As the holidays approach, many people feel the weight of just how busy this time can be. While the holidays are meant for a time to relax, unwind, celebrate, and see friends and family, a lot of us end up feeling like we can’t catch a break. With everyone at work away on vacation, and projects needing to be wrapped up before end of year, work definitely does not go on holidays. So, how can we stay sane?

Here are some change management tips that you can apply to your personal life to help you get through your work and personal commitments during the holidays with ease.

1. Prioritize your time

First off, you have to be comfortable with this concept: you will never find balance – in the traditional sense. If you constantly strive for balance it won’t happen – as you have peaks and valleys in your work as well as your personal life. It’s about prioritizing your time during the day. You get to determine how your day flows, even if sometimes it feels like work or your personal life might be in charge. If you’re one of those people (like I am) that can get distracted by social media or the news, download a browser blocker for your computer to avoid social media scrolling. I also turn off my sound, so notifications don’t distract me from my work – like writing this blog!

Even though I have my own business, I still keep two phones, like I did when I worked in an office. I purposely keep one that I can turn off – or not bring with me to dinner. If you feel you have to check work emails during the holidays, schedule it into your calendar, as once you are in there, at least an hour of your ‘brain time’ will be gone, as whether you deal with emails or not, they trigger your brain to think about work! While you may feel YOU ARE THE ONLY PERSON THAT CAN HANDLE THINGS, if you are on vacation over the holidays, put your “Out of Office” on and learn to trust your colleagues to handle relevant work. Not everything is an emergency and needs an immediate response. Leave an emergency contact number or email and trust that people will call you if they need you. Set it and forget it! I know, easier said than done. But try it!

2. Separate work and personal time

If you’re working from home during the holidays, schedule your working hours the same as you would if you were at the office. Get up when you like, get dressed, and log in at 9am and back out at 5pm. It’s okay if there are some times where you run overtime, but scheduling helps you be mindful of when you should close your laptop, turn the light off and start your leisure time. Even though today is a Sunday, I’ve scheduled in time to do this blog, as I have a busy week ahead of me and time off over Christmas. Once this is done, my laptop will close and I won’t look at emails until tomorrow.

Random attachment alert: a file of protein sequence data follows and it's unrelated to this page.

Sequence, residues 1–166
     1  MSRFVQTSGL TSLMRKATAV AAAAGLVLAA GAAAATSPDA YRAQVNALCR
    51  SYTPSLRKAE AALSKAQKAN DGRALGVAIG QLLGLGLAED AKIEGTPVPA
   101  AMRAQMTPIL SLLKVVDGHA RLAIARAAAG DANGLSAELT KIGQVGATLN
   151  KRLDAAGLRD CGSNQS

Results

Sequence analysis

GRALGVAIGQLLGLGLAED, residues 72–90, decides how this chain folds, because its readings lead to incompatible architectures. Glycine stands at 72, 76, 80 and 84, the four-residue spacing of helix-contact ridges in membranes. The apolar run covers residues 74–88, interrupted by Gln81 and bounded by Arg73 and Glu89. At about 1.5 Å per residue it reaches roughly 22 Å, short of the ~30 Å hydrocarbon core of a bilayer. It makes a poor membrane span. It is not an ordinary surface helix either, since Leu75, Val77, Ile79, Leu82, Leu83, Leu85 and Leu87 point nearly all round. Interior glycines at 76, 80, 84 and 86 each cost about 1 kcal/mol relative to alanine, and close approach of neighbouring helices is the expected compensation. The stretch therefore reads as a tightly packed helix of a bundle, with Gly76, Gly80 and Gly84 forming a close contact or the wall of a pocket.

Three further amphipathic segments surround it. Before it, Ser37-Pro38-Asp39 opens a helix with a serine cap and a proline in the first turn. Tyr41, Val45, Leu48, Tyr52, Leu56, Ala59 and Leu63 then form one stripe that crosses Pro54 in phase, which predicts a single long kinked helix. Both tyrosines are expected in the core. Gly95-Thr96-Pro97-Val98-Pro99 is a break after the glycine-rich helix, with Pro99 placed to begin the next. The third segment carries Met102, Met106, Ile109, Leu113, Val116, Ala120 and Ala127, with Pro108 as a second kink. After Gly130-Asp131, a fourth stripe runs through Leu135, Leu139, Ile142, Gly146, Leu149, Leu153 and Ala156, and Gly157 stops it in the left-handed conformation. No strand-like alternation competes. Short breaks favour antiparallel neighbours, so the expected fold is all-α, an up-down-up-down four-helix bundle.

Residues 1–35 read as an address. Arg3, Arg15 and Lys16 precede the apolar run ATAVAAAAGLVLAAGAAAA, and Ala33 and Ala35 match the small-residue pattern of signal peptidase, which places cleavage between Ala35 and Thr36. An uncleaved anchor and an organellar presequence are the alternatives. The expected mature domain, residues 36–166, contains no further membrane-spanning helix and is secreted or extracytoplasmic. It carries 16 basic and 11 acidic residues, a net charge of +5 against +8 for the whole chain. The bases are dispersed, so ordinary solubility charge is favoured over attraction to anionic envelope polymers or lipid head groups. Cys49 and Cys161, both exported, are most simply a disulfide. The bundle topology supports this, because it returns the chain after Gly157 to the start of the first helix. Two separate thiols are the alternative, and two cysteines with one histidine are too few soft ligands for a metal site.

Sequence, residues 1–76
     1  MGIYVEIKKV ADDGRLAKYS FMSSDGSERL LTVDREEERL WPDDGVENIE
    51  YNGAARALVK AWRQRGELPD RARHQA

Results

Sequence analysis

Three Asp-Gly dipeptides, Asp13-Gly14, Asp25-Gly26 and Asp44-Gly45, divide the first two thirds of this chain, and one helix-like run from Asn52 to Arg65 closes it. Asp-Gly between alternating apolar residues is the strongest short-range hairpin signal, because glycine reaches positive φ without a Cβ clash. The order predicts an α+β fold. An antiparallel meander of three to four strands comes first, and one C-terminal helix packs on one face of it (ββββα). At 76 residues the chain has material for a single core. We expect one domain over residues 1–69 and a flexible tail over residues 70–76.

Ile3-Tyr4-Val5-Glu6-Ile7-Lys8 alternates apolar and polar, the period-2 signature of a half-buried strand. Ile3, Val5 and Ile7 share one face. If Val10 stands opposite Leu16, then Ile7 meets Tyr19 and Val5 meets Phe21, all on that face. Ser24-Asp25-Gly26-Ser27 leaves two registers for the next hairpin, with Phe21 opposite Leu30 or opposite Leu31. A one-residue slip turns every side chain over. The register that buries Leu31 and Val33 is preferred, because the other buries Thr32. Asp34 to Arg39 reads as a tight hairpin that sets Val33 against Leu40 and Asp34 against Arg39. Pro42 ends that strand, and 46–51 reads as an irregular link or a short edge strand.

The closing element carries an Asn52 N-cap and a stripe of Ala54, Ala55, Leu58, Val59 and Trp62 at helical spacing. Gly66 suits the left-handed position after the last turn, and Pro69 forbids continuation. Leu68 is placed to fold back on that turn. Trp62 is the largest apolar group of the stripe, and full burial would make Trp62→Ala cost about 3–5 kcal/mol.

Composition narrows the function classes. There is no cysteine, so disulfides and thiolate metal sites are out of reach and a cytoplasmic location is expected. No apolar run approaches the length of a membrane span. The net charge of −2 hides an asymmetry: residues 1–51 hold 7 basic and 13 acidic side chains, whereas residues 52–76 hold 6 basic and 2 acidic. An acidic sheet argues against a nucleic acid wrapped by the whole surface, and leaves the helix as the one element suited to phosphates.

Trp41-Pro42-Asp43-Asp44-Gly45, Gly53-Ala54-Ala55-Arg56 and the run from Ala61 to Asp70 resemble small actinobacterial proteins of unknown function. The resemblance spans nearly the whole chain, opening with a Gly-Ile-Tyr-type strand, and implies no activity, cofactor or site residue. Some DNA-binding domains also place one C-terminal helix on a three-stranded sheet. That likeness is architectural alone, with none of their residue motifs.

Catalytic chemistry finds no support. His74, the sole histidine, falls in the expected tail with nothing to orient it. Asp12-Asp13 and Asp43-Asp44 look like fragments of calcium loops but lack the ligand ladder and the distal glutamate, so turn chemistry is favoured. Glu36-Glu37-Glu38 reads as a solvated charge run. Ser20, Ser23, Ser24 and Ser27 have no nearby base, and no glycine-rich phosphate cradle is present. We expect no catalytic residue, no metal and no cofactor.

Schedule your personal time on your calendar, along with your work time. It’s so easy during the holidays to over commit and end up feeling rushed and flustered. As an example, if you’re doing dinner preparation or baking, work backwards and determine when you need to start the process. Plan out drive times to and from commitments, baking times for food, shopping time, etc and put them into your calendar. This may be my project management background speaking, but it works to keep you on track! You want to give yourself enough time to actually enjoy holiday errands and not resent it because you feel stressed and rushed.

3. Focus on recharging

The holidays are a time for us to celebrate and recharge after a year of work. It’s necessary for you to separate yourself from work to have a clear head when you return. It nearly every session I’ve lead, where I ask people “Where do you do your best thinking?” Only one or two people have said “at work”. Most people do their best thinking outside of work. Your brain needs a chance to relax for those brilliant ideas to come! You need the time off to be ready to go back in the New Year with a clear head and new motivation.

We also restore our energy by disengaging from striving tasks and focus on areas that work our brain in a different way. That’s why reading a book, watching TV (though there is some debate on that!) or talking with friends or family helps you recharge and think more clearly about work when you return. Take the time to get deeply involved in a non-work related task that you enjoy, like a hobby, where you lose complete track of time. Doing this engages our brain differently.

The holidays are a time for you to connect with the people you love, enjoy the things you like to do, and stop thinking about work. Don’t be afraid to say no if you feel like your schedule is getting too busy, and carve out some time for yourself. You can’t take care of anyone else, if you don’t take care of yourself first.

Have a wonderful and safe holiday season!

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